A few weeks ago, my best friend and I climbed aboard a boat and struck out for Duiker Island, a seal, seal pup, and seal poop covered collection of rocks tucked around the corner from The Sentinel Mountain in Hout Bay, Cape Town. Why would anyone endure the swells and smells for such an excursion? Aside from the staggering beauty of the Cape peninsula and the pleasure of watching seals in their natural habitat, we were here to go snorkelling with them!
For one blissful hour, we escaped reality to submerge ourselves in the moody greens and blues of the Atlantic Ocean, where prolific kelp forests swayed and swished in the swell and the playful seal pups were close enough to touch. Usually, I use my words to describe experiences. This time, we hired a Go Pro camera from the company who took us out – Animal Ocean – to document it all and so I present to you my first ever (shoddy) attempt at putting together a travel video!
Watch the “Eureka” moment when American pharmacist John Pemberton innovated one of the world’s biggest and probably (in the eyes of dentists) most regrettable inventions: Coca Cola. What initially began as a new medicine with some interesting applications ended up as the addiction of tens of millions around the world and an essential accompaniment to popcorn at the movies.
This “Drunk History” moment is brought to you by ingenious comedy writer Derek Waters, a very drunk Jenny Slate (narrator) and brilliant actor Bill Hader, who plays John Pemberton.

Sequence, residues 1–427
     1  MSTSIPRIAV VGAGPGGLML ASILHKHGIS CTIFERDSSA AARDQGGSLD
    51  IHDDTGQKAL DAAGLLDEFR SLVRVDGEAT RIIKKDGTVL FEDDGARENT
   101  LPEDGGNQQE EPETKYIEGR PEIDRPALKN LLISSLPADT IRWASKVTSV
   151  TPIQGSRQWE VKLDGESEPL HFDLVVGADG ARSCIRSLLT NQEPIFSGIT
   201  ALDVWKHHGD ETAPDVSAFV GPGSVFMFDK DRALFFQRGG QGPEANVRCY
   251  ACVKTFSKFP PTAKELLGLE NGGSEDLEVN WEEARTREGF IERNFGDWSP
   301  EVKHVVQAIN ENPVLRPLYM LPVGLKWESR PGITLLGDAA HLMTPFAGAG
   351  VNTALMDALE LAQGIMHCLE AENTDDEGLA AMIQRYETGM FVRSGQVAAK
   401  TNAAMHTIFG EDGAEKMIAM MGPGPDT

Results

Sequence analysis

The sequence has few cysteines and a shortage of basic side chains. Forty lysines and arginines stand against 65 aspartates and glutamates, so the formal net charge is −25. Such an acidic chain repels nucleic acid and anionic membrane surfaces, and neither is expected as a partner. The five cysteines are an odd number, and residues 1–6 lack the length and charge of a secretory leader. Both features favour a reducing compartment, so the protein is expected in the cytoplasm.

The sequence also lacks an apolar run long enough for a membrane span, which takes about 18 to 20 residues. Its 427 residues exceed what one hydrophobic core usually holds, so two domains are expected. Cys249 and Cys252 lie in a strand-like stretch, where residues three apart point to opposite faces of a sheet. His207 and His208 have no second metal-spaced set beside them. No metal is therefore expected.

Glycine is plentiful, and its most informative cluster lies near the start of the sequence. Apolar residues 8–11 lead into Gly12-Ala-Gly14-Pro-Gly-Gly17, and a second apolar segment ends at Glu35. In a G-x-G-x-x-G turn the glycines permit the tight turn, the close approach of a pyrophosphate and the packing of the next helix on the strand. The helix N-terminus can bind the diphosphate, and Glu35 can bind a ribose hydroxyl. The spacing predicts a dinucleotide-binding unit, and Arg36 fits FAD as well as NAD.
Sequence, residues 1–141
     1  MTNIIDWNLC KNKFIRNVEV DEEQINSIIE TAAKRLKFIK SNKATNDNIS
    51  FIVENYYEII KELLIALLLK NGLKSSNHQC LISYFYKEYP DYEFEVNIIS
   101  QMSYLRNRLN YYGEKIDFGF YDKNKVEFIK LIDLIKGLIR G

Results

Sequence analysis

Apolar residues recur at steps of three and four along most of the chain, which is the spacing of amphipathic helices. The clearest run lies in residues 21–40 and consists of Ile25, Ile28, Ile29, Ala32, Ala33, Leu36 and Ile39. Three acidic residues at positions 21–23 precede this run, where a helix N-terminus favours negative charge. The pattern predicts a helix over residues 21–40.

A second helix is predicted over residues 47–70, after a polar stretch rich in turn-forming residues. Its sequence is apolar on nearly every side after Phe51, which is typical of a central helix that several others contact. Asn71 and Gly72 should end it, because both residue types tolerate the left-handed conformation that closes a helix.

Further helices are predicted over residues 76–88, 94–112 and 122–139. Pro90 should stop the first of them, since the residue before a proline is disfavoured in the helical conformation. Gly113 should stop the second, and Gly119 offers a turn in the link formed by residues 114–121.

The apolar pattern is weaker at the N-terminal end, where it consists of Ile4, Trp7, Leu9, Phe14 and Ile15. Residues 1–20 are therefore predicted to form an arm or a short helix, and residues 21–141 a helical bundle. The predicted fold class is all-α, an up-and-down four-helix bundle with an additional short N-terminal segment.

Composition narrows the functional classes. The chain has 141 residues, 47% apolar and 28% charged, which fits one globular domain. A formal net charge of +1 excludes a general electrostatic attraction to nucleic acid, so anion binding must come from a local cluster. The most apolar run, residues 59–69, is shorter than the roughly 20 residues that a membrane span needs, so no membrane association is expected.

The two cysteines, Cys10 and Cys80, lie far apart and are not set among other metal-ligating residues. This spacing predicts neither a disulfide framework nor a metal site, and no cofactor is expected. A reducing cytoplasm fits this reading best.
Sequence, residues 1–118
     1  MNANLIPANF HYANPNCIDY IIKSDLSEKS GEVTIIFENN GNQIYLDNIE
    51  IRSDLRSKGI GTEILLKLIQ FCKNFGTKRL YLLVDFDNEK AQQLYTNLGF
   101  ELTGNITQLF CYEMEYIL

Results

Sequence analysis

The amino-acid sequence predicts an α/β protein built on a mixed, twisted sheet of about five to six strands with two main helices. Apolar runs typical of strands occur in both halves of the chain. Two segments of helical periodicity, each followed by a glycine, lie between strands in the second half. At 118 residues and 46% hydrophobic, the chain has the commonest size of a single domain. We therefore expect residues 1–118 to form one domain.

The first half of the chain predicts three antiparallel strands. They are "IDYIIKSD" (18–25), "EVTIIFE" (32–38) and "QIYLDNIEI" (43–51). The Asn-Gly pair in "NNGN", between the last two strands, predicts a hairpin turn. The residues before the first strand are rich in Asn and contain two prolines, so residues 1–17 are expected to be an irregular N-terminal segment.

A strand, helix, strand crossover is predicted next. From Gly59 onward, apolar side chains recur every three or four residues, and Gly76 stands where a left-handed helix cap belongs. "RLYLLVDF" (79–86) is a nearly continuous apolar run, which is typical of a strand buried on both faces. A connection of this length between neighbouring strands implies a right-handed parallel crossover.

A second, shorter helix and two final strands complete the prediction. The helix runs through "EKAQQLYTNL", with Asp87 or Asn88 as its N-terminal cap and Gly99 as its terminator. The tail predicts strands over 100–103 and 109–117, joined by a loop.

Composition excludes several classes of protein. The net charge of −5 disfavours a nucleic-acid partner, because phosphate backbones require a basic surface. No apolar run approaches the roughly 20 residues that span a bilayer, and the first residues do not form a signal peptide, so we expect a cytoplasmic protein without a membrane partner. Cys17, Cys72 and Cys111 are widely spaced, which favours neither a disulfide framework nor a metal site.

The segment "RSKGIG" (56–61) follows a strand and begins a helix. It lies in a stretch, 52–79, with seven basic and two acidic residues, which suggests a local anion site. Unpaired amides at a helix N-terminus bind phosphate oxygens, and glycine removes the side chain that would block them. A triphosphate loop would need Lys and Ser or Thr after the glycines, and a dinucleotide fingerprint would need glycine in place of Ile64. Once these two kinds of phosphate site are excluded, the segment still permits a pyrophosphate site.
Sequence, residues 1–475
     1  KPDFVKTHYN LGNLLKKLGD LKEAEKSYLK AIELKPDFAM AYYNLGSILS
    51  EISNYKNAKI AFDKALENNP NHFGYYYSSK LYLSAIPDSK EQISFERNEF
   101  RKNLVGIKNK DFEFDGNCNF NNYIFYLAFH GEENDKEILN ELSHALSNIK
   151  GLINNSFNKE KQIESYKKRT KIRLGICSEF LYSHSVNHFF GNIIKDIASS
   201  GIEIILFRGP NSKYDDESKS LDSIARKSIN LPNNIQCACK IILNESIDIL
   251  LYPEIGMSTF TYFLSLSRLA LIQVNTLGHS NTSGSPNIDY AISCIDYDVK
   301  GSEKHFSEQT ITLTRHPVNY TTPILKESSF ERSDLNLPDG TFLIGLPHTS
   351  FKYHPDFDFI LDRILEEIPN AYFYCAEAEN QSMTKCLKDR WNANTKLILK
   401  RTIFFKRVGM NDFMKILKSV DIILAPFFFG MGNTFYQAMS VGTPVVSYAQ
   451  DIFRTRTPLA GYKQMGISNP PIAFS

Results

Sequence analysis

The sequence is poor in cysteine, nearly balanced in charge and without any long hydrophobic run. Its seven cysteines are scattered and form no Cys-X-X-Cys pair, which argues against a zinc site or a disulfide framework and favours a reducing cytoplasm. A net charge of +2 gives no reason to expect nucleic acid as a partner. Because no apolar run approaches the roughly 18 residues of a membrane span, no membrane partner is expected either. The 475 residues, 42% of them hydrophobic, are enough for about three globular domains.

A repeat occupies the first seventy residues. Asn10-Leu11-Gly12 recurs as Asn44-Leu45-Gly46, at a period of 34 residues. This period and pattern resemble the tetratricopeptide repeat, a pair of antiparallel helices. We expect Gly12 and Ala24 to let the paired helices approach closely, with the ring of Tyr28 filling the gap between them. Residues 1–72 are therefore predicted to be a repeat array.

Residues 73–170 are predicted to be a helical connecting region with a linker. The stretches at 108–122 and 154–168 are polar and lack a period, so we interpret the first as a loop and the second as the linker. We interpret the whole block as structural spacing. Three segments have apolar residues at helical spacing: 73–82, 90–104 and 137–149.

Video Source: Comedy Central, as seen on the YouTube channel http://www.youtube.com/watch?v=R-mU4pf3ywU
Many moons ago, Pluto – the outermost planet in our solar system – was demoted. For those of us who grew up with the nine-planet solar system model, this came as somewhat of an affront to everything we knew about anything, ever. I mean, what is the meaning of life if the planetary status of Pluto can so easily be revised and revoked? Why, Neil, why??
In this hilarious video, Neil DeGrasse Tyson answers to the angry rants and raves (and insults) of those really strange people who were truly and deeply wounded by Pluto’s demotion from planetary status to mere space-wandering rock. Why people give such a damn is beyond me. After all, Pluto is only a quarter the size of our moon and even then, most of its mass is ice.
Video Source: Uploaded by National Geographic on YouTube channel https://youtu.be/eBREBAnglr
Neil DeGrasse Tyson is a megamind and, not coincidentally, also curator of the Hayden Planetarium, as well as the presenter of Carl Sagan’s revised TV-series, “Cosmos” He is awesome and anyone who has watched any of his videos, lectures or presentations will appreciate just how erudite and smart this man is.
But by far one of Neil’s greatest talents is the perfect balance between a sophisticated understanding of science and the ability to communicate with those who don’t. This makes him one of today’s most powerful and persuasive public figures in science and technology.
Some people work hard, train hard, educate themselves and push themselves to the very limit to gain some kind of notoriety in life (and the money it tends comes hand-in-hand with). This video is proof that, in addition to being inherently gifted, there are other ways to become famous… be exceptionally stupid. Eating metal screws makes you an idiot. Just because you survive your diet of cars, wheelchairs and bad life choices doesn’t make you special.